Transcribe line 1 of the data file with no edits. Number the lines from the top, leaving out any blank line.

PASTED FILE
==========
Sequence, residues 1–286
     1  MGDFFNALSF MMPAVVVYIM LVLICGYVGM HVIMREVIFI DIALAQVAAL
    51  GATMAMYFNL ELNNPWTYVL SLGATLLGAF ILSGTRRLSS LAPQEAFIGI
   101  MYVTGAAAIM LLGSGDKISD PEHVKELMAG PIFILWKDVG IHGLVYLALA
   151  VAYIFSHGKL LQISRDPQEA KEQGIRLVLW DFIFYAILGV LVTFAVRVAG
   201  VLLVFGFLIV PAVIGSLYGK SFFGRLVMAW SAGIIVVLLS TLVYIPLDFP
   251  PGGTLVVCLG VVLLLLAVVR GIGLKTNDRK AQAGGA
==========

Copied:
Sequence, residues 1–286